It is celebrated in the months of March-April. It is a festival of thanks giving to the almighty Hemphu, the traditional god head of the Karbi Household. Each member of the social setup of the village is known as MEKAR, which might be the origin of the word MIKIR as the tribes were known till very recently and in fact still do in some of the official documents. However this is just a hypothesis I would like to go more deeply into. During the festival all the ancestors of the village are remembered and worshipped, which is indeed very similar to the practice of their hills cousin. This practice is known as SAR-KACHERDUNG. “lit. ANCESTOR REMEMBER” the same as SAR ANTHOK among the Hill Karbis.
2) MONO KE-EN
Literally Mono means Paddy or Rice and Ke-en means to take. It is generally an affair of 2 days, once in five years. All unmarried males and females of the village are to take part in the occasions. In the house of Riso Bangthe (an authority concern with the affairs of the youth of the village) the traditional folklore about the origin of rice and the route of migration taken by the Karbis from the place of their origin are retold. It is very much the same story which is told amongst the Hills Karbis (Mosera-Kihir) but with the name ‘Karbi Kevang’ “ lit. Karbi Coming” with some addition like the reason for the Karbis to start moving out from their ancestral village somewhere near Inglong Kelok “ lit. Mountain White” , which is unmistakably the Himalaya mountain range. There is a mentioned of Lhasa also on the way. The mentioning of KLENG MEKAR, on whose head a flame of fire always glow to lead the Karbis during darkness is intriguingly interesting and to be noted. He is not mention anywhere in Mosera-Kihir, the hill version. Terang were supposed to be the porter who carried all the essential items needed for the whole village. The reason mentioned for the Karbis to move out of the ancestral village is also very interesting. It is said that the Karbis being very poetic and romantic once tried to touch the moon and play with it, seeing it stationed beautifully on the top of the INGLONG KELOK. But when they climbed up to the top of the mountain and found the moon to be still afar and unreachable, then only did they realized their mistake. Since they felt ashamed to return to their ancestral village they decided to move forward towards the east and settled down somewhere else, which is not found in MOSERA-KIHIR. The mention of the river TERON LONGSO, where the TERON with divine power helped the others to cross a river with huge width by stretching himself like a bridge is also very interesting, which has again no mention in Mosera-Kihir with the exception of the river TERON LONGSO, where the paddy was supposed to be discovered by the Karbis which coincide very much with the version of the hills Karbis.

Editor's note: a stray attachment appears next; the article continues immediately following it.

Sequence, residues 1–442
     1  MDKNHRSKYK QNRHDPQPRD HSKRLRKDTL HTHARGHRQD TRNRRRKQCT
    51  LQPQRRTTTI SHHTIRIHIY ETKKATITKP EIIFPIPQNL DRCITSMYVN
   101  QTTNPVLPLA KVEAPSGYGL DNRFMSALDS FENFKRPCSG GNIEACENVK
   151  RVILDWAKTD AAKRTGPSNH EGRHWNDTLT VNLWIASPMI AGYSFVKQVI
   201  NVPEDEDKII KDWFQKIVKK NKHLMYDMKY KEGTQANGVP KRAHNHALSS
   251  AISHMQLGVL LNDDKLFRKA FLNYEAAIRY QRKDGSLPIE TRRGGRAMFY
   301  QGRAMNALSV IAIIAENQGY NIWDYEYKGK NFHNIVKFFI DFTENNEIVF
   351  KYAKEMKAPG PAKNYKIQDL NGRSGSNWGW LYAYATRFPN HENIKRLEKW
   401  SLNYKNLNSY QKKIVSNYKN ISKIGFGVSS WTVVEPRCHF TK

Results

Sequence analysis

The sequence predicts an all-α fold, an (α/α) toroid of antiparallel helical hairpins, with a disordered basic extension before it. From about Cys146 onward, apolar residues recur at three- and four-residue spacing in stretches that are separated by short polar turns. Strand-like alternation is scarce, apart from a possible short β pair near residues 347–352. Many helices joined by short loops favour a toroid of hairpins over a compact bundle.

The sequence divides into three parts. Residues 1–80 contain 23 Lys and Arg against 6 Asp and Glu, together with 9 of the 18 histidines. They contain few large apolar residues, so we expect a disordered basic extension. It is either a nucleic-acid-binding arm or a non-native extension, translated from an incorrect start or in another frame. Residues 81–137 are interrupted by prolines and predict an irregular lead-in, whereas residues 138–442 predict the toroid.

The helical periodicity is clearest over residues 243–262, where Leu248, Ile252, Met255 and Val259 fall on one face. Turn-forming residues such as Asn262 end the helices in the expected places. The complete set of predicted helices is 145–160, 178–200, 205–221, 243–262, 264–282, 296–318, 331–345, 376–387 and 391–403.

3) RONG KEHUM
Literally Rong Kehum means Village Curfew. It is generally a three days affair once in five years. Just like the name suggested a kind of curfew is imposed in the village with all the roads leading to the village being blocked with thorn and bushes. No outsider is welcome to the village during these three days affair. However they can come and witness the ritual by taking non traditional route. This festival is generally celebrated during the winter. It is very much similar to the Rongker of the hills Karbis. This is all male affairs and no female is allowed during the rituals. The fences are broken and lots of hue and cry is created during the rituals as a symbol to chase away evils from the village during the night using a long stick. If any person comes out of the house during the ritual then he might be killed assuming to be an evil spirits and no blame is to be confer upon the evil spirits chasers.
4) DEHAL KACHIRDOM OR DEHAL RONGKER
During the beginning of every year Dehal Kachirdom or Dehal Rongker has been performed with all ritualistic flavor and gay amongst the Karbis of Kamrup and some part of Meghalaya. Dehal Kachirdom has been celebrated by the Karbis of the plains since time immemorial. The Same or similar rituals in the hills is called Roongker by the Karbis of the Hills.